Jean-Paul Sartre’s book is a brilliant portrait of both anti-Semite and Jew, written by a non-Jew and from a non-Jewish point of view. Nothing of the anti-Semite either in his subtle form as a snob, or in his crude form as a gangster, escapes Sartre’s sharp eye, and the whole problem of the Jew’s relationship to the Gentile is examined in a concrete and living way, rather than in terms of sociological abstractions.
Philosopher, novelist, playwright, and polemicist, Jean-Paul Sartre is thought to have been the central figure in post-war European culture and political thinking. He is the author of The Age of Reason, The Words, and the play No Exit among other works.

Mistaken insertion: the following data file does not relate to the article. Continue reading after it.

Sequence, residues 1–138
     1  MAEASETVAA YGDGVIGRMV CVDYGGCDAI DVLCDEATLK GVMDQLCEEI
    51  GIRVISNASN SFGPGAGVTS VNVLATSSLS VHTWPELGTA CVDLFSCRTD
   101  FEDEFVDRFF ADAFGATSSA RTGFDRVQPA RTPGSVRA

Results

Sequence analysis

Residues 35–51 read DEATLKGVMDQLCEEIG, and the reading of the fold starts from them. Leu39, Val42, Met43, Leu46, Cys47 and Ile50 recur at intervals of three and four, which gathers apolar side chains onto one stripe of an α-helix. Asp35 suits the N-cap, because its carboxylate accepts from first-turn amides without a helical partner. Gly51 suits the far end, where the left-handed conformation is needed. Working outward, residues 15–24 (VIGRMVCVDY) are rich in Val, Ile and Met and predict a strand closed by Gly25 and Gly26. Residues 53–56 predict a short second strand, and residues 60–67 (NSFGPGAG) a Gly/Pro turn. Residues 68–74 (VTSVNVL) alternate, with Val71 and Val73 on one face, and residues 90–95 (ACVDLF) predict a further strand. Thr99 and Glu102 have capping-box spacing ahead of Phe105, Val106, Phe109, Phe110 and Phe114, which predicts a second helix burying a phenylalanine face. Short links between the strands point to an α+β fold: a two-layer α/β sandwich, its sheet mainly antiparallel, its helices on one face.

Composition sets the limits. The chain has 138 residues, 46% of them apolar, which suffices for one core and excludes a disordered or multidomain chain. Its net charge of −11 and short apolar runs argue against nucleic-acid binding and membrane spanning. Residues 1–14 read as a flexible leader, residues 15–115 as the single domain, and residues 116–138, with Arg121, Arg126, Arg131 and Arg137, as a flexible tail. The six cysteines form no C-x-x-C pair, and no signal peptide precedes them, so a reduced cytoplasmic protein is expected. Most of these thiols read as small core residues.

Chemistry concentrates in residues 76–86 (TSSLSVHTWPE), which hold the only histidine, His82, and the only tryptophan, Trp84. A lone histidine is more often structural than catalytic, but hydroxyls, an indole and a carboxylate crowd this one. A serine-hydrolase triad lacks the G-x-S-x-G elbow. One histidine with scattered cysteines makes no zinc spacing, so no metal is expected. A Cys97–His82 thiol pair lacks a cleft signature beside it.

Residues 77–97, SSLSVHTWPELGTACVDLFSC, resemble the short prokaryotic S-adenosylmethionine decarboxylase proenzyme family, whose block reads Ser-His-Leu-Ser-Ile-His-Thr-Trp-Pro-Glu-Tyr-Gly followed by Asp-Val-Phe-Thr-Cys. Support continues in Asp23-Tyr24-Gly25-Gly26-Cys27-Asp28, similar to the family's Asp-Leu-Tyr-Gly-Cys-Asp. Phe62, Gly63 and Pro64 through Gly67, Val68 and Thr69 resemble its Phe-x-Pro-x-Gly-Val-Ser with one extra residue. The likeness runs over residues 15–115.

“[A fervent and brilliant challenge to ant-Semitism.” —The New York Times
“A review . . . can merely indicate the humanity, the compassion, and the suggestive brilliance of Sartre’s writing. His essay is a genuine contribution to contemporary thought; it will be read and reread in years to come.” —Harvey Swados
“Still a monument of postwar writing on anti-Semitism . . . Michael Walzer’s fine introduction will help current readers sift out what remains relevant from Sartre’s work for considering the variants of anti-Semitism haunting the world today.” —Elisabeth Young Bruehl
“Sartre’s account of anti-Semitism is an acknowledged classic, based in large measure on assimilated Jews whom he personally knew. Michael Walzer’s essay provides significant balance to Sartre’s brilliant analysis.” —Arthur Hertzberg